And even if they're best friends with your indoor cat, they may view outdoor cats that come onto their property as fair game.

Did You Know?
  A description written in 1486 is a poetic notion of just how a Greyhound should look: “A Greyhound should be headed like a snake and necked like a drake, backed like a beam, sided like a bream, footed like a cat and tailed like a rat.”


A dream day in the life of a Greyhound
  Prone to bloat, the Greyhound does best with breakfast, lunch and dinner. Lazily waking up in the morning to a rubdown, he'll enjoy sticking to his routine of a morning walk before his owner leaves for work. Enjoying having the house to himself, he'll lazily keep an eye on everything while you're away. Greeting you when you come in the door, he'll be ready for a run and perhaps a bit of racing before the day is over. Just make sure to keep him on the leash in case he spots a rabbit and feels the need to chase it down.
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Thursday, May 1, 2014

How to Calm Your Hyper Dog

How to Calm Your Hyper Dog
  Got a crazy, hyper dog? These dogs can be quite a challenge – they never calm down, they never listen. They pull on leash, they destroy things. They have a hard time focusing on what you tell them, because everything else is so much more exciting! If you’re living with a crazy hyper psycho dog like this and you haven’t lost your mind yet, you’ve got my respect and admiration.
  Unfortunately, many hyper crazy psycho dogs end up in the shelter when their owners lose patience with them. I’m sure you don’t want to give your dog up, so check out the training videos and articles on this page. You’ll learn why your dog is out of control, and you’ll learn some effective ways to calm your crazy dog down.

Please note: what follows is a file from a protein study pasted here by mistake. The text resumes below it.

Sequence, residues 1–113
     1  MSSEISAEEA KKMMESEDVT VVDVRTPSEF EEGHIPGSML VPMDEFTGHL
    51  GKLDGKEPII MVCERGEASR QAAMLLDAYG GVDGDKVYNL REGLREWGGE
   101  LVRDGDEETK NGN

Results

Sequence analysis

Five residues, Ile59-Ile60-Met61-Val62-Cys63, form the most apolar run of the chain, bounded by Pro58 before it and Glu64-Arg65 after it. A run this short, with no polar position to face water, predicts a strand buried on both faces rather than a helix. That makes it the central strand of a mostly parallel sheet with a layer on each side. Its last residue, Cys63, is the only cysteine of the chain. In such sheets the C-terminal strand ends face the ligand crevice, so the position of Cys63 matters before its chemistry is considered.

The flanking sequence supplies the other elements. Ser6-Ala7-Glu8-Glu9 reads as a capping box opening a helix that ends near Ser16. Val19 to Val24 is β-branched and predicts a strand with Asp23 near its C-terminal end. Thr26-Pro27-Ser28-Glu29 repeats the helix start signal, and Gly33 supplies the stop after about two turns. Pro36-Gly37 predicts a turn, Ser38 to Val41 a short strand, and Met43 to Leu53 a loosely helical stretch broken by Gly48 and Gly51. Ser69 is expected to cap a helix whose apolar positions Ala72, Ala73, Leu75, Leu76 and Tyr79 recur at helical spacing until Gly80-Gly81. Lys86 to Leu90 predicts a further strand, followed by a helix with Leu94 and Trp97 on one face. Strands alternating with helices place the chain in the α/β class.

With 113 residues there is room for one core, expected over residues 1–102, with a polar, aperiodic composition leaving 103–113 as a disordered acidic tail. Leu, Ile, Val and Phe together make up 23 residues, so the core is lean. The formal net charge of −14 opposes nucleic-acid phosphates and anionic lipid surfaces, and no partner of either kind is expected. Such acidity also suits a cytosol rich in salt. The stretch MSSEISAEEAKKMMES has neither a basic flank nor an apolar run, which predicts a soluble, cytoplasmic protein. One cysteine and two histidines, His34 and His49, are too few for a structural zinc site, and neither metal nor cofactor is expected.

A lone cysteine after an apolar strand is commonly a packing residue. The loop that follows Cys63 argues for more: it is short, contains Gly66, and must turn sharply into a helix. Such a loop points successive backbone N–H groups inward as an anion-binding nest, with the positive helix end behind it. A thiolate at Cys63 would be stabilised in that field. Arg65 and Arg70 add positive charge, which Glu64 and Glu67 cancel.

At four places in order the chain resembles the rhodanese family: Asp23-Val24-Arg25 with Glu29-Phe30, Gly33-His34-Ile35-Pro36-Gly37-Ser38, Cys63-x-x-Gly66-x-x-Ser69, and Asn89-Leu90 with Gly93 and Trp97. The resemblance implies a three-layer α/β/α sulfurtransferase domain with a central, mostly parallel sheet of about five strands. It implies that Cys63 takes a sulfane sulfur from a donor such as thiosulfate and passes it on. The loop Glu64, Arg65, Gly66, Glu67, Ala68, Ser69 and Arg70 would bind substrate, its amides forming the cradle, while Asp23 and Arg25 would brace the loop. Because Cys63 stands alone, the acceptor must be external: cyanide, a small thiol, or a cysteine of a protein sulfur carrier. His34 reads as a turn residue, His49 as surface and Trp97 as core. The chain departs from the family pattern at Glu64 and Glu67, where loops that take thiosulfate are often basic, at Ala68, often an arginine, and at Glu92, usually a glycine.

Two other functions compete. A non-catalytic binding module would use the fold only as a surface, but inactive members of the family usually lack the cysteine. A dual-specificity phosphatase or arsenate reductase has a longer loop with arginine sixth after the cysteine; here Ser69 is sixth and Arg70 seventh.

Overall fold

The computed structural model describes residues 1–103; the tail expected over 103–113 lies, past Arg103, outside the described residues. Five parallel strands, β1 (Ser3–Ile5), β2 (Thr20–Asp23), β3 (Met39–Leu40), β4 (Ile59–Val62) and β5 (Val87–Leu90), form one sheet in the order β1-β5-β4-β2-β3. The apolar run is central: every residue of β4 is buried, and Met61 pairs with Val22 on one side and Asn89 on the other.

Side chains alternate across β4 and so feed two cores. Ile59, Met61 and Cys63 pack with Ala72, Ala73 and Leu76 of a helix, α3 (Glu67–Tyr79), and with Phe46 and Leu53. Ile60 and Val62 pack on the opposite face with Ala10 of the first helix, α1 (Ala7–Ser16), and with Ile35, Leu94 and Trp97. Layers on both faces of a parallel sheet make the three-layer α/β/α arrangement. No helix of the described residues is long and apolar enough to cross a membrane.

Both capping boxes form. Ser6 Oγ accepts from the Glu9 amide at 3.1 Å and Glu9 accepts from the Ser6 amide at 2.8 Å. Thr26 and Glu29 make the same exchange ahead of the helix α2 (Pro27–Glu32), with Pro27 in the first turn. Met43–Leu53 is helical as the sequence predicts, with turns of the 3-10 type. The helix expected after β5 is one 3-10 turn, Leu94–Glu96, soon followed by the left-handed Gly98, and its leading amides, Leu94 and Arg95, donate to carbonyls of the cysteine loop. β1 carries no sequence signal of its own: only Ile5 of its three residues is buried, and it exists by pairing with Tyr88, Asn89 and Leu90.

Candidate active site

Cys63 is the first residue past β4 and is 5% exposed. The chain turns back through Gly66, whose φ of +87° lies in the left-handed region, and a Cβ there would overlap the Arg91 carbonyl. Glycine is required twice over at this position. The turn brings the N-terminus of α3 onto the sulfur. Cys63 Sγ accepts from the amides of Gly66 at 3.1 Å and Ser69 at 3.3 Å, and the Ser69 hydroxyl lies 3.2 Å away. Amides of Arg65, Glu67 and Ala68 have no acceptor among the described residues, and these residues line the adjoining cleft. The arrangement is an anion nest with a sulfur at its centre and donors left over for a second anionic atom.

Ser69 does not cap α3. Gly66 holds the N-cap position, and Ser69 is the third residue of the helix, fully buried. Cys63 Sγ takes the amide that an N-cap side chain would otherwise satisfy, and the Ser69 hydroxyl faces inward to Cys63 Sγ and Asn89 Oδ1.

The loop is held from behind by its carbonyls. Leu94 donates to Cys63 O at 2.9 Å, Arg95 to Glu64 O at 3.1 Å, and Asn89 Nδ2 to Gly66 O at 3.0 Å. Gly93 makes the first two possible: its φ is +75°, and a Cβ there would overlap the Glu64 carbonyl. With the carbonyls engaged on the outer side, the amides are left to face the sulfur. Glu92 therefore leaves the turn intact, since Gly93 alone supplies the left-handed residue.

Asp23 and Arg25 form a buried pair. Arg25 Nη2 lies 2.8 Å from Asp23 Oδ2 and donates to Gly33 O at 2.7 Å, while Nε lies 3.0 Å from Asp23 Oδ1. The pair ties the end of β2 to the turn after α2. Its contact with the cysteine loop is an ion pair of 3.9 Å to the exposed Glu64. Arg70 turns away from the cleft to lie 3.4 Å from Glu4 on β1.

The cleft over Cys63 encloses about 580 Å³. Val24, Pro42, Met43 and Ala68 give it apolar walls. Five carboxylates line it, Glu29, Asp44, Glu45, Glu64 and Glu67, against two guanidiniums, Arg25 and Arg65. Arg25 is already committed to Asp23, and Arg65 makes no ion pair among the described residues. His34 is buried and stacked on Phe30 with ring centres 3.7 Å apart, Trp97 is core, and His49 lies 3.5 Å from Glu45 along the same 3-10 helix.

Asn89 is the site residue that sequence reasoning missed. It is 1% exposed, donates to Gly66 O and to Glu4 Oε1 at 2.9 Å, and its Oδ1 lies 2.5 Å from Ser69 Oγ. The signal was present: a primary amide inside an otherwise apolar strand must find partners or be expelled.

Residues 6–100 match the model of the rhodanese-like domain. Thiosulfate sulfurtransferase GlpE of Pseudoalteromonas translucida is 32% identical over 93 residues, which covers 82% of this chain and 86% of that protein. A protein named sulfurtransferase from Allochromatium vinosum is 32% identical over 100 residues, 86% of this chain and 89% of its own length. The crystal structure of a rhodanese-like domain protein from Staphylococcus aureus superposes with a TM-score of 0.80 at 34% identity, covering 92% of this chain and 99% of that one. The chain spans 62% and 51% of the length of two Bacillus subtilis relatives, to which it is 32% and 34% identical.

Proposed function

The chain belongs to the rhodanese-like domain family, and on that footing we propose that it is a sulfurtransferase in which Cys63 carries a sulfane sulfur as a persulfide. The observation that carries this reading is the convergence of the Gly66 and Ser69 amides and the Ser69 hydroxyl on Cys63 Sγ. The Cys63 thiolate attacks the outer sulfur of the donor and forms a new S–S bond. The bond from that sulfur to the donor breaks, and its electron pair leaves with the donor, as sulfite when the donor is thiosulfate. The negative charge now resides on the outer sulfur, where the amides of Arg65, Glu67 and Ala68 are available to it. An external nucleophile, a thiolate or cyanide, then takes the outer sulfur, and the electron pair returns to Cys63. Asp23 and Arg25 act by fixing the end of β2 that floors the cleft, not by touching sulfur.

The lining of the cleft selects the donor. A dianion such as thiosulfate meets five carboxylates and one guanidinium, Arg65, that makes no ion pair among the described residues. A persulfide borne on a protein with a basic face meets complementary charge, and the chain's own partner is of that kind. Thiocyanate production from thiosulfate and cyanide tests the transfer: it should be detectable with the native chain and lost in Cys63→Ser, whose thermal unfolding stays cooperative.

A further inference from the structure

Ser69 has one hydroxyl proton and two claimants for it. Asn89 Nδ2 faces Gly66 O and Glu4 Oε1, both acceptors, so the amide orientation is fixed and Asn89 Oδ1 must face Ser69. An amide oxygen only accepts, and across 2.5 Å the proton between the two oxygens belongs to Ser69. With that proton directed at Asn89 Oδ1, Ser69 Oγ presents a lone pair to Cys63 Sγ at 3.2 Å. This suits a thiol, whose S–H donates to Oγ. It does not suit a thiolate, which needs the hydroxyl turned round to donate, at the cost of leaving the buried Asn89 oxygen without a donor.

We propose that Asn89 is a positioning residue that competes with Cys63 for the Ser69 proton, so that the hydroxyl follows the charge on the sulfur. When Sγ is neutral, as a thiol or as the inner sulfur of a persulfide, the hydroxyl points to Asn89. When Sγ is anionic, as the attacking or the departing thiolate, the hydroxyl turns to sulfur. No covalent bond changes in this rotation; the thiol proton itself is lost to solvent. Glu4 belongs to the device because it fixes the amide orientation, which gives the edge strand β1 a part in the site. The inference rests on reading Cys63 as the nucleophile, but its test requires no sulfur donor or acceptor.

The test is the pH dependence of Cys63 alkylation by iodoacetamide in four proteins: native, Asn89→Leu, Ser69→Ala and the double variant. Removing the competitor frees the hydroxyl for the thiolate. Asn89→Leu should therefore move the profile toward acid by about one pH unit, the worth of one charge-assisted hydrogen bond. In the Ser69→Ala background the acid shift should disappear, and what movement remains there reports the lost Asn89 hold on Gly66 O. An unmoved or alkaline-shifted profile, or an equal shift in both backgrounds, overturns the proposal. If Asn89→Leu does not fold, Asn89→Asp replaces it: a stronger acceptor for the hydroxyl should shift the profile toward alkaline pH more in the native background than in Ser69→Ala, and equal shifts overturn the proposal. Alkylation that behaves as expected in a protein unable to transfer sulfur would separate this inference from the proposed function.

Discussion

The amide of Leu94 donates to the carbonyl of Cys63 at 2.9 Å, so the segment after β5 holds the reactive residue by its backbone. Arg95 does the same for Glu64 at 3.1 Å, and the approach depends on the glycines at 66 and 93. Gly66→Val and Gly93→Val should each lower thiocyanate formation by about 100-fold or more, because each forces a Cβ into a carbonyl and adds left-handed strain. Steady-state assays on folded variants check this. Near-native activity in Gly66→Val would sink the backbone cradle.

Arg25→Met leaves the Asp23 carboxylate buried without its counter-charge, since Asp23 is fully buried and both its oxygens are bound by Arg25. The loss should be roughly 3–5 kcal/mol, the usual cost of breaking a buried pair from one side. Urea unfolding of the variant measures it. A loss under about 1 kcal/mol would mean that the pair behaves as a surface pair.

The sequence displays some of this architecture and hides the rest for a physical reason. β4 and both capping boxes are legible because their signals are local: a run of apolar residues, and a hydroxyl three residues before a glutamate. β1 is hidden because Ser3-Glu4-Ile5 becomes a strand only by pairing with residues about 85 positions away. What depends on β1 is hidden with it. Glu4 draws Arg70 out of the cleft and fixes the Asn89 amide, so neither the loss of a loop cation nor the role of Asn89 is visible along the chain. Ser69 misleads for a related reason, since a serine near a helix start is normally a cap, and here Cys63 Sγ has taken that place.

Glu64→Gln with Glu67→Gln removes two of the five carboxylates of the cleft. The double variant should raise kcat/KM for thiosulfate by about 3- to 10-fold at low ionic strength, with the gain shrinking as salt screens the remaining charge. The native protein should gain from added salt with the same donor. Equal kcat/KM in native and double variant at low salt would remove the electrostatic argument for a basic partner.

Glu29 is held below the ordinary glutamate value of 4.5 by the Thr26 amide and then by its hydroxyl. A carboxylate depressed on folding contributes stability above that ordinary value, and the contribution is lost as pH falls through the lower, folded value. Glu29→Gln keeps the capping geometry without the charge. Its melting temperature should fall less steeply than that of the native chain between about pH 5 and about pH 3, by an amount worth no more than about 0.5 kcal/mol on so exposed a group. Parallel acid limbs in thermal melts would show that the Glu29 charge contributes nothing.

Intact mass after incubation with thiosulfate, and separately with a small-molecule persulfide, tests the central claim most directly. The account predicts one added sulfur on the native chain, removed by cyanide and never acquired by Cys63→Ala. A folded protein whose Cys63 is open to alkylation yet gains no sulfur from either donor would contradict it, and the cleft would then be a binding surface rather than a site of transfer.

True hyperactivity, or hyperkinesis, is a rare condition in dogs. In order for a clinical diagnosis to be made, most or all of the following symptoms should be present:
  • Increased resting heart and respiratory rates;
  • Failure to adjust to common stimuli like everyday household noises and activities;
  • Agitation;
  • Reactivity;
  • Sustained emotional arousal and an inability to settle down;
  • Paradoxical calming response to amphetamines.
Ignore the hyper dog behavior.
  Dogs seek attention from you. By paying attention to the hyper dog during outbursts, you’re reinforcing the very dog problem behavior that you're trying to eliminate. The next time your dog is jumping or nipping at you in an overexcited way, give it a try - no touch, no talk, no eye contact - and see how you fare. You might be surprised how quickly the dog settles down.

Give your dog a job.

  Having a task to focus on can help tremendously. Hyperactivity in dogs can come from psychological needs as easily as it can from physical needs. By giving your dog a job to do, you are removing his hyperactive dog behavior and are redirecting his energy elsewhere. For instance, having your dog wear a backpack with extra weight will keep your dog focused on carrying instead of getting distracted by squirrels and other things.

Exercise
  If you want a well behaved dog, you need to exercise him. A long walk in the morning, 30-60 minutes, and then a shorter walk in the evening after work is ideal. You don’t need to regiment it quite as strictly like Millan does; you can let Fido stop and smell the roses. In addition to stretching his legs, all the fascinating smells will stretch his brain, too. Helps keep him from going stir crazy at home.
  During the day, play a vigorous game of fetch or frisbee to really wear Fido out. If no one is home during the day to play with him, consider hiring a dog walker or even a doggy daycare so that Fido doesn’t lose his marbles while you’re gone.

Build a routine
  Hyperactivity is often a result of insecurity on the dog’s part. This is especially true of adopted dogs who may have moved around a lot in their past and have had little if any structure in their lives. Dogs thrive on routine. Developing a daily routine gives your dog an idea of what to expect life to be like and can calm his nerves. A routine might go something like this: